Skip to main content
U.S. flag

An official website of the United States government

Official websites use .gov
A .gov website belongs to an official government organization in the United States.

Secure .gov websites use HTTPS
A lock ( ) or https:// means you’ve safely connected to the .gov website. Share sensitive information only on official, secure websites.

DOJ seal

Department of Justice

U.S. Attorney's Office
Southern District of Georgia
Jill E. Steinberg, United States Attorney
For Immediate Release
Monday, April 10, 2023

Five Men Indicted on Federal Charges for Illegal Firearms Possession

Most Defendants Face Up to 10 Years in Federal Prison

SAVANNAH, GA: Five defendants are among those facing federal charges including illegal possession of firearms after separate indictments by a grand jury in the Southern District of Georgia, while recent actions in U.S. District Court include guilty pleas and criminal sentences related to illegal gun possession. 

The indicted cases are being investigated as part of Project Safe Neighborhoods in collaboration with federal, state and local law enforcement agencies, including the Bureau of Alcohol, Tobacco, Firearms and Explosives (ATF) and the FBI, to reduce violent crime with measures that include targeting convicted felons who illegally carry guns.

“Individuals who are convicted of felonies are prohibited from possessing guns,” said Jill E. Steinberg, U.S. Attorney for the Southern District of Georgia. “With our law enforcement partners, we will continue to protect the safety of our communities by identifying and removing these repeat offenders.”   

In the past four years, more than 820 defendants have been federally charged in the Southern District of Georgia for illegal firearms offenses – most often for possessing a firearm after conviction for a previous felony. That charge carries a statutory penalty of up to 15 years in prison, and there is no parole in the federal system.

Defendants named in federal indictments from the April 2023 term of the U.S. District Court grand jury include:

  • Wesley Rosenberg, 24, of Ludowici, Ga., charged with Engaging in the Firearms Business Without a License, and two counts of Transfer of a Firearm in Violation of the National Firearms Act. The indictments allege Rosenberg unlawfully imported and sold firearm silencers.
  • Tyrell Smith, 32, of Savannah, charged with Possession of a Firearm by a Convicted Felon;
  • Herman Lamont Dessasure, 30, of Statesboro, Ga., charged with Possession of a Firearm by a Convicted Felon;
  • Dustin Shane Webster, 30, of Augusta, charged with Possession of a Firearm by a Convicted Felon; and,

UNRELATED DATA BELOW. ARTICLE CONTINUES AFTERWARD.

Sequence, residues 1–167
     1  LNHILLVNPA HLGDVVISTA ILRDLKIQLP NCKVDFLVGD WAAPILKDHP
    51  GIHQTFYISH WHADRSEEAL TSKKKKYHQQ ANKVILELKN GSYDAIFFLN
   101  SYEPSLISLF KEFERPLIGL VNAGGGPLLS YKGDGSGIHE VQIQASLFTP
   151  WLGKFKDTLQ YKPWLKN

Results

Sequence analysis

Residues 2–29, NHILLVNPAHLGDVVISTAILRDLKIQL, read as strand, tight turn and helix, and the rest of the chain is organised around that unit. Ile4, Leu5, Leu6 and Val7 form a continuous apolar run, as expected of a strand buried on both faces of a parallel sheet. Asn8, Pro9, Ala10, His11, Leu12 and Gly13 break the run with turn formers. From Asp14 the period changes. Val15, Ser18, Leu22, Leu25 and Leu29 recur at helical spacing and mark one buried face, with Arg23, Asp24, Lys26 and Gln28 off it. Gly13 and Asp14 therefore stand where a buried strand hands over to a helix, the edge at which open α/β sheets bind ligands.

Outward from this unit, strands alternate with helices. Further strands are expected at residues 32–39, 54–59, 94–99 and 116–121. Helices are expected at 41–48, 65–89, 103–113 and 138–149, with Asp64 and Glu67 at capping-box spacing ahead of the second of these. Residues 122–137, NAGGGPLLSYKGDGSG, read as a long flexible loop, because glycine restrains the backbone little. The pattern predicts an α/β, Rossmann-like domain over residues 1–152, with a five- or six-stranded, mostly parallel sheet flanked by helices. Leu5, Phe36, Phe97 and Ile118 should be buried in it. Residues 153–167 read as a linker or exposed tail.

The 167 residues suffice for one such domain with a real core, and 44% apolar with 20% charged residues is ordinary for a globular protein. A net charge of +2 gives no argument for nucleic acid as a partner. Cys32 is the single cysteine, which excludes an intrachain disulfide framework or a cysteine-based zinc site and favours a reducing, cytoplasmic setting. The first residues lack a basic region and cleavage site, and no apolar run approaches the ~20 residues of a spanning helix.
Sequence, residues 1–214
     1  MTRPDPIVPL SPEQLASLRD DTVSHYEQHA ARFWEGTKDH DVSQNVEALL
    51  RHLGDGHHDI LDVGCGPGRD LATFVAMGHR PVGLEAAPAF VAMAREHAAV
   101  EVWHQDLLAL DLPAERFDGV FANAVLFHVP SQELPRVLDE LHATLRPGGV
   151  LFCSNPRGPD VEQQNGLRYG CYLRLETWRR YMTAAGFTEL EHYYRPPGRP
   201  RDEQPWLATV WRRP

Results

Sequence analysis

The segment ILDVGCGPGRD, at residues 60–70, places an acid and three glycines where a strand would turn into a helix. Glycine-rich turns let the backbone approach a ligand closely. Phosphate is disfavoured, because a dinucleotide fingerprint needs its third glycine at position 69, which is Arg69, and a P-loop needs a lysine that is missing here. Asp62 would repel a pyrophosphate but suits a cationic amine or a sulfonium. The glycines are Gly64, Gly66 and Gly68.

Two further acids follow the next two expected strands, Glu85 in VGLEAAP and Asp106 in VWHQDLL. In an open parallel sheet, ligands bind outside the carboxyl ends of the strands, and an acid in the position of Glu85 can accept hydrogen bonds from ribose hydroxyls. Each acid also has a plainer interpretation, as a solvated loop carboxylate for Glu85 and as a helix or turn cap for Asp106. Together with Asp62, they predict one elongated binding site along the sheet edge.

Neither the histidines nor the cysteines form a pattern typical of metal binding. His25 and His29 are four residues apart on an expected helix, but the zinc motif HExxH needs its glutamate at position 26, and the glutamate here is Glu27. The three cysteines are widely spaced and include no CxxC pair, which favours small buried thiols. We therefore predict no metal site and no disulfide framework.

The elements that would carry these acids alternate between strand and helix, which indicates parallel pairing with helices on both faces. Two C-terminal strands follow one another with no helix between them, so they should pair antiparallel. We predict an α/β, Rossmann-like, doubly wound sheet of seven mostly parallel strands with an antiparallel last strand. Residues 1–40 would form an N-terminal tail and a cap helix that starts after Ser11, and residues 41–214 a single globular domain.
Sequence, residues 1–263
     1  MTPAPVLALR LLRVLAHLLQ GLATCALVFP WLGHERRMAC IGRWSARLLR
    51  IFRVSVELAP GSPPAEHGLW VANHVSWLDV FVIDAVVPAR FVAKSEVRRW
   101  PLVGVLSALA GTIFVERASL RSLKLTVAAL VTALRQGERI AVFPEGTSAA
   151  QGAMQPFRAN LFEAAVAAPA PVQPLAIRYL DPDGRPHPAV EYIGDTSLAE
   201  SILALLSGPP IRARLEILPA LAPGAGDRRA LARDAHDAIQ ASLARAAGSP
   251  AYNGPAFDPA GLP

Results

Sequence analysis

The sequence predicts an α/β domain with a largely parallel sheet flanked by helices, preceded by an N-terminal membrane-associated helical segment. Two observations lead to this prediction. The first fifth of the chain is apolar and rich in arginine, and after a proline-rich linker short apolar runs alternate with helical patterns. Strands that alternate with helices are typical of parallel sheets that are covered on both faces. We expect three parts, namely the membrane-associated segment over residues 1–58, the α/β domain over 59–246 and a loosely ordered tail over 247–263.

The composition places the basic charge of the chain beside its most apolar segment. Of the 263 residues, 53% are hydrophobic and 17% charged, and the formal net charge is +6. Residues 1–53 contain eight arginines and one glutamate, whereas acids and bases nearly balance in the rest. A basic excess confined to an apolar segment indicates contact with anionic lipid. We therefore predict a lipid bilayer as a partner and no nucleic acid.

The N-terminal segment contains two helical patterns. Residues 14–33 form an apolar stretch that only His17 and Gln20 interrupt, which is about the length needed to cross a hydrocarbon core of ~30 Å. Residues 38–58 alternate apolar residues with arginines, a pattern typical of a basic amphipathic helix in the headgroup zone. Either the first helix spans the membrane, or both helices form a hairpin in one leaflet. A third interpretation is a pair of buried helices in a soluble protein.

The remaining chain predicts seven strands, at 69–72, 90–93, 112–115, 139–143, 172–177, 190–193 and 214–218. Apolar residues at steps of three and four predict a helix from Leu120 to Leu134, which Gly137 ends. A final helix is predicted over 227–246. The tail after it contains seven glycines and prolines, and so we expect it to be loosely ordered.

• Joquan K. Clark, 25, of Waynesboro, Ga., charged with Possession of a Firearm by a Convicted Felon.

Criminal indictments contain only charges; defendants are presumed innocent unless and until proven guilty.

Additional defendants recently have been adjudicated on federal charges that include illegal firearms possession:

  • Maurice Brown, 21, of Savannah, was sentenced to 21 months in prison after pleading guilty to Possession of a Firearm by a Convicted Felon. In July 2022, Brown sped away from an attempted traffic stop in Savannah by a Georgia State Patrol trooper and later ran from the vehicle. Savannah Police officers found him hiding in a nearby home, and found a pistol under the driver’s seat of the vehicle Brown was driving. Brown was on probation for state charges at the time of his arrest.
  • Jeffrey J. Haynes, 30, of Savannah, awaits sentencing after pleading guilty to Possession of a Firearm by a Convicted Felon. Savannah Police officers arrested Haynes during a June 2021 traffic stop after finding a pistol in his waistband.

Agencies investigating these cases include the ATF, the FBI, the Georgia Bureau of Investigation, the Savannah Police Department, the Richmond County Sheriff’s Office, and the Georgia State Patrol.

The cases are being prosecuted for the United States by the Southern District of Georgia U.S. Attorney’s Office.

Under federal law, it is illegal for an individual to possess a firearm if he or she falls into one of nine prohibited categories including being a felon; illegal alien; or unlawful user of a controlled substance. Further, it is unlawful to possess a firearm in furtherance of a drug trafficking offense or violent crime. It is also illegal to purchase – or even to attempt to purchase – firearms if the buyer is a prohibited person or illegally purchasing a firearm on behalf of others. Lying on ATF Form 4473, which is used to lawfully purchase a firearm, also is a federal offense. 

For more information from the ATF on the lawful purchasing of firearms, please see:

An official website of the U.S. Department of Justice

Looking for U.S. government information and services?